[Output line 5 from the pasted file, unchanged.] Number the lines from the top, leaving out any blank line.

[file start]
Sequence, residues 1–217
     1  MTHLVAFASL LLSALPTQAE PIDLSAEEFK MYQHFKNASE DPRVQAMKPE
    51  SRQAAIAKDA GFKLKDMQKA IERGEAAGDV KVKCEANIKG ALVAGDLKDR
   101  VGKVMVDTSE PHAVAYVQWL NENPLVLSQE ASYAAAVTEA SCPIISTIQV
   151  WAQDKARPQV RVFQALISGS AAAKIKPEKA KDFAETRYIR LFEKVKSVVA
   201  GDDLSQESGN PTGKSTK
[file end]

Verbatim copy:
   151  WAQDKARPQV RVFQALISGS AAAKIKPEKA KDFAETRYIR LFEKVKSVVA